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Vulnerability Leaves Container Images Without Passwords
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6/1/2019 | 4:09:42 PM
CIS Benchmarks and Image Shell Scripts
Years ago I started creating custom ISO images for deployment.  They were built to interact only with our internal SUSE YaST server hosting handpicked packages, controlled updates, etc.  We needed this level of control and security because we were spinning VMs for a highly monitored and audited ESX ecosystem.  In the early days of the CIS (Center for Internet Security) [1]  they released benchmarks for a handful of operating systems that identified areas of vulnerability and provided base scripts for hardening these OS's.  I took the SUSE Linux benchmark shell scripts and created a hardening master script that was automatically run during the ISO install of every VM we deployed.  This addressed issues like root access, open ports and so forth.  Older VMs of mine installed from this infrastructure of curated images still purr with maximum security.  Sure enough, years later, I see the CIS is still developing useful benchmarks and Docker is one of them [2].  Taken together with other benchmarks with security recommendations for OS and other IoT areas by CIS, issues like the one described could have been avoided, I believe.  This is why we have standards and are in desperate need of well-read, actively auditing and "real-time" InfoSec analysts and managers to execute them and oversee their execution.  I have never used Alpine Linux, but I would expect to see such practices at the heart of any "security-oriented, lightweight Linux distribution" development and deployment process, at a minimum.  Even when issues with packages like BusyBox and use of shadow exist, having automated scripts that exercise hardening and post-hardening tests on Docker images BEFORE ever getting released will ensure images like the ones discussed here are never downloaded by users.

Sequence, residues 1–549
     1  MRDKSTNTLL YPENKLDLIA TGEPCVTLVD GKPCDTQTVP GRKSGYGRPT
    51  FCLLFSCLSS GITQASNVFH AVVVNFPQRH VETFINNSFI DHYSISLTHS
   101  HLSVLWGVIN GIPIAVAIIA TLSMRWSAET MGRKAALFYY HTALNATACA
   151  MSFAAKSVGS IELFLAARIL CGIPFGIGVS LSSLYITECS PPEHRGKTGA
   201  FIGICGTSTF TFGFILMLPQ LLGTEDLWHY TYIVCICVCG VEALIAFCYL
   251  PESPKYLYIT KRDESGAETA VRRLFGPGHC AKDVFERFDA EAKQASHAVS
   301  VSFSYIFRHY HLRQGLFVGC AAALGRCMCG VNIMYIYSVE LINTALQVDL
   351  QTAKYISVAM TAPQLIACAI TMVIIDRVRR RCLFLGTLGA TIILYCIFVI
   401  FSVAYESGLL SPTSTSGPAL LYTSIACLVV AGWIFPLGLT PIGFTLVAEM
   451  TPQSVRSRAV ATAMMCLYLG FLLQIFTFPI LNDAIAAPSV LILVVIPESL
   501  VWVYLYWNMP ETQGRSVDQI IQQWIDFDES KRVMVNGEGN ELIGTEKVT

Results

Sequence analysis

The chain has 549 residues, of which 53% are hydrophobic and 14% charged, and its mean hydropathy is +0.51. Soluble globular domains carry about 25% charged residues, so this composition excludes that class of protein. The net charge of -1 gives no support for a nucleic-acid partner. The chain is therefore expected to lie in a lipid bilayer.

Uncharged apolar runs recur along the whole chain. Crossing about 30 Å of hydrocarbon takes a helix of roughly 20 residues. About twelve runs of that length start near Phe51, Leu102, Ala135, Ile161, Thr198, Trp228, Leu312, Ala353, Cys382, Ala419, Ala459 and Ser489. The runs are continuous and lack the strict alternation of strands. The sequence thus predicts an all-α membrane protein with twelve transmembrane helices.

[1] CIS - Center for Internet Security:  https://cisecurity.org

[2] CIS Benchmarks: https://www.cisecurity.org/cis-benchmarks/

 

 


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